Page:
I believe Tony Forrester has been quotes as saying that he never leads from kings. Oviously these sweeping statements should be taken with a pinch of salt - sometimes leading from a king is indicated particularly slams. I would say that based on personal experience I would say that it is at least as bad as leading from a queen but better than leading from the jack (on average).
'In an infinite universe, the one thing sentient life cannot afford to have is a sense of proportion.' - Douglas Adams
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#5 User is offline   Kaitlyn S 

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Posted 2016-October-03, 09:54

Eddie Kantar is a well known expert and I have never heard of Bernard Magee, so that would tell me something, but common sense brings me to the same conclusion.



Here is an instance where not leading away from your king is a dreadful mistake. You know from the bidding that declarer is likely to draw trump and run the diamond suit, and you must aggressively set up and get whatever tricks you having coming to you. It is unlikely that you have cost anything even if you have led into the H-AQ as declarer's heart losers are likely to go on dummy's dimaonds anyway, and it's unlikely that you can both get partner in and score your HK. I think your best chance to defeat 4S is to hope partner has something like H-QJ or Q10, C-A, D-K and that the hearts will all cash. Yes, partner could have C-AK D-K but that only helps if the weaker responder is the player with the HA.

Leading from a king is a bit dangerous blind but not nearly as dangerous as Mr. Magee allegedly points out. Unless you have length in the suit, the chances of you losing your king totally when you would have scored it aren't that great. And in an auction where there are two bid (or shown) suits and I don't have their side suit well stopped, I usually want to lead an unbid suit. Leading from Kxx is certainly preferable to Axx, and usually preferable to leading from Qxx or Jxx where it is more likely that your honor that might have taken a trick no longer will.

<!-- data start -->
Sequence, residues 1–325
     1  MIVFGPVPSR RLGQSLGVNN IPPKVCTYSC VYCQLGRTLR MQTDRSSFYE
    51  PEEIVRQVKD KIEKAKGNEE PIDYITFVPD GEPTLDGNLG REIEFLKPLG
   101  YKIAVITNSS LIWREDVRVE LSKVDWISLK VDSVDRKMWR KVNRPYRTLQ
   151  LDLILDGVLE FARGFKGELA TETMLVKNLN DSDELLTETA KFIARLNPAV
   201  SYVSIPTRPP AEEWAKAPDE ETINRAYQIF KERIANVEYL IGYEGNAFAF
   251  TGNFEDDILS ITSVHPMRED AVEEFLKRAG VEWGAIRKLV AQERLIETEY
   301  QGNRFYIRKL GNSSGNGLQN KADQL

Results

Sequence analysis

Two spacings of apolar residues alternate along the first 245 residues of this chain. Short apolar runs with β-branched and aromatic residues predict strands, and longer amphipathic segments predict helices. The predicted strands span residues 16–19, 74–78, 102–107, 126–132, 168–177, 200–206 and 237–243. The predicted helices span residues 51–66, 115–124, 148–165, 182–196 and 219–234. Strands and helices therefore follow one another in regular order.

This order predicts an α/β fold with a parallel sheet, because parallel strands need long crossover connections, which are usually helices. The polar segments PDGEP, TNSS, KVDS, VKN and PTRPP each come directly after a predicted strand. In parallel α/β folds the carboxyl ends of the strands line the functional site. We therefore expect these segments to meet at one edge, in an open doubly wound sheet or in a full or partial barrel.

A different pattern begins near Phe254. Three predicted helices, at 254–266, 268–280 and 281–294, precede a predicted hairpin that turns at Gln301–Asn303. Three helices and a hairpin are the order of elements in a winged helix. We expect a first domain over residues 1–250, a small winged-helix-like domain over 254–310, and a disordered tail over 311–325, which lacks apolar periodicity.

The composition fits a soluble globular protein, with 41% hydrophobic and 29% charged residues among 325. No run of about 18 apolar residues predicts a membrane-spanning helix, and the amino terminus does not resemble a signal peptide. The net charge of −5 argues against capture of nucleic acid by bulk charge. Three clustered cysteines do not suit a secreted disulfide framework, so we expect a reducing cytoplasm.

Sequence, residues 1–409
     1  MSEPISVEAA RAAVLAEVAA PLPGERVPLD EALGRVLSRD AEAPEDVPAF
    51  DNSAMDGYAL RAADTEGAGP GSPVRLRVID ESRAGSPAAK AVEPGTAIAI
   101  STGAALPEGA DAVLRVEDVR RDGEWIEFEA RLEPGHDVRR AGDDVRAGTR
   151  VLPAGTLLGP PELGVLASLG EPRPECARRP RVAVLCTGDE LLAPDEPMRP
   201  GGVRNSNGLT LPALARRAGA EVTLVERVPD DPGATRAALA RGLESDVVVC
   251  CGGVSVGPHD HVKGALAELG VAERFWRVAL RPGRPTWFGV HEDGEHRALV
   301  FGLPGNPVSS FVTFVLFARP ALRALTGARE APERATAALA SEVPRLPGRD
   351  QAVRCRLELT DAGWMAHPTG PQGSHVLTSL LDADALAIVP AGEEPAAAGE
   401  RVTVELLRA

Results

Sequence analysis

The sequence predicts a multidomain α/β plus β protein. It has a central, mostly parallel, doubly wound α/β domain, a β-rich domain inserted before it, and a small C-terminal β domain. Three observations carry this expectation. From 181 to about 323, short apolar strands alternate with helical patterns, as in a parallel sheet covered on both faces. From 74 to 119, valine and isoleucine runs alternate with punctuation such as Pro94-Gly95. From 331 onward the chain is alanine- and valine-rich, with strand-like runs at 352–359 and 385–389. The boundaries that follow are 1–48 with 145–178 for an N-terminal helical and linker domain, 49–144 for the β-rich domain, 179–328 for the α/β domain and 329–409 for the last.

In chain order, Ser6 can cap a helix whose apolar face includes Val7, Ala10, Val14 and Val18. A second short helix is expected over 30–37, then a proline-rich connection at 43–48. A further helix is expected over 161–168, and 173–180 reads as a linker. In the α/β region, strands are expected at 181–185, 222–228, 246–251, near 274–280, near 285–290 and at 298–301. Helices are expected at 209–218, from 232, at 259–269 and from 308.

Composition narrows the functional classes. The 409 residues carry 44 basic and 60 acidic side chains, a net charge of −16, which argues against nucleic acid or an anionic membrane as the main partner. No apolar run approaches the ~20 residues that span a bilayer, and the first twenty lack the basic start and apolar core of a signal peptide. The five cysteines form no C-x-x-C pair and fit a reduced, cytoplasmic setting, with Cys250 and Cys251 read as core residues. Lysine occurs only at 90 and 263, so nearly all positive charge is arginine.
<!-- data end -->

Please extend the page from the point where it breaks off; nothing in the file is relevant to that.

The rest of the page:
EDIT: I am aware that partner's hoped for DK in my initial example will probably be singleton, but declarer will lose it. More likely, partner's card to get in will be the SA or the offside SK.
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#6 User is offline   johnu 

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Posted 2016-October-03, 10:05

What if you have something like



If you don't lead from a king, what do you lead?
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#7 User is offline   Tramticket 

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Posted 2016-October-03, 10:16

One tip that I learnt years ago, as a beginner playing with a much stronger partner, is that it can often be good tactics to lead away from a king against a small slam. You often need to be aggressive against a small slam (but listen to the bidding) and your king will often run away as declarer discards your suit. You are hoping that partner has the queen, or better still the ace, or possibly that dummy has the ace and declarer doesn't want to risk a finesse at trick 1 before trying other options. You are also hoping that partner has an ace or trump trick - and can lead back to your king after taking their trick.
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#8 User is offline   Tramticket 

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Posted 2016-October-03, 10:19

View Postjohnu, on 2016-October-03, 10:05, said:

What if you have something like



If you don't lead from a king, what do you lead?


I would probably lead trumps. Even if dummy scores the first trick with the queen, your king is still there if declarer has the ace of trumps. If you lead a side suit (and dummy holds the queen / declarer holds the ace) you will often find that the third round is ruffed and your king is lost.